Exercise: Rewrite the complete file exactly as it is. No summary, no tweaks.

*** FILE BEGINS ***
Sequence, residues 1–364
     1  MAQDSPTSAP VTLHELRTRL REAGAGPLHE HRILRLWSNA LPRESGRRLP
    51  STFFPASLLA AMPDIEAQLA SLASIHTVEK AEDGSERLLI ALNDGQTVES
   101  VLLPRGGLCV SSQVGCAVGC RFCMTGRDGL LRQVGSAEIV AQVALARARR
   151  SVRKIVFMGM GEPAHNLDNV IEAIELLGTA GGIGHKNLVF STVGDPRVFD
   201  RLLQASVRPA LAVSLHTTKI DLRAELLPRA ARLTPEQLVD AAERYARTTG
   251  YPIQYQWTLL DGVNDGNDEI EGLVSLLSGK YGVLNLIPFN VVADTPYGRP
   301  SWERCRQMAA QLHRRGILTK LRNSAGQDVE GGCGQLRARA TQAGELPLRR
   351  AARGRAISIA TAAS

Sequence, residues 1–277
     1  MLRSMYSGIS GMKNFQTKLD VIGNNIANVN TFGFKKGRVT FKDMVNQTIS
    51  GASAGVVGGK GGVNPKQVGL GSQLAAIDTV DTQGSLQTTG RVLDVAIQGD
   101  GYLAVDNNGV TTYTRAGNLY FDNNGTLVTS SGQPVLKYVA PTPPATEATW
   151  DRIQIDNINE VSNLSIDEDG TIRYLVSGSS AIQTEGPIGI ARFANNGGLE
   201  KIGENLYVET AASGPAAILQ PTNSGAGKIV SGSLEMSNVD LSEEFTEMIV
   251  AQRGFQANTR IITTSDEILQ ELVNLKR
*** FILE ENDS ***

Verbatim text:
Sequence, residues 1–364
     1  MAQDSPTSAP VTLHELRTRL REAGAGPLHE HRILRLWSNA LPRESGRRLP
    51  STFFPASLLA AMPDIEAQLA SLASIHTVEK AEDGSERLLI ALNDGQTVES
   101  VLLPRGGLCV SSQVGCAVGC RFCMTGRDGL LRQVGSAEIV AQVALARARR
   151  SVRKIVFMGM GEPAHNLDNV IEAIELLGTA GGIGHKNLVF STVGDPRVFD
   201  RLLQASVRPA LAVSLHTTKI DLRAELLPRA ARLTPEQLVD AAERYARTTG
   251  YPIQYQWTLL DGVNDGNDEI EGLVSLLSGK YGVLNLIPFN VVADTPYGRP
   301  SWERCRQMAA QLHRRGILTK LRNSAGQDVE GGCGQLRARA TQAGELPLRR
   351  AARGRAISIA TAAS

Sequence, residues 1–277
     1  MLRSMYSGIS GMKNFQTKLD VIGNNIANVN TFGFKKGRVT FKDMVNQTIS
    51  GASAGVVGGK GGVNPKQVGL GSQLAAIDTV DTQGSLQTTG RVLDVAIQGD
   101  GYLAVDNNGV TTYTRAGNLY FDNNGTLVTS SGQPVLKYVA PTPPATEATW
   151  DRIQIDNINE VSNLSIDEDG TIRYLVSGSS AIQTEGPIGI ARFANNGGLE
   201  KIGENLYVET AASGPAAILQ PTNSGAGKIV SGSLEMSNVD LSEEFTEMIV
   251  AQRGFQANTR IITTSDEILQ ELVNLKR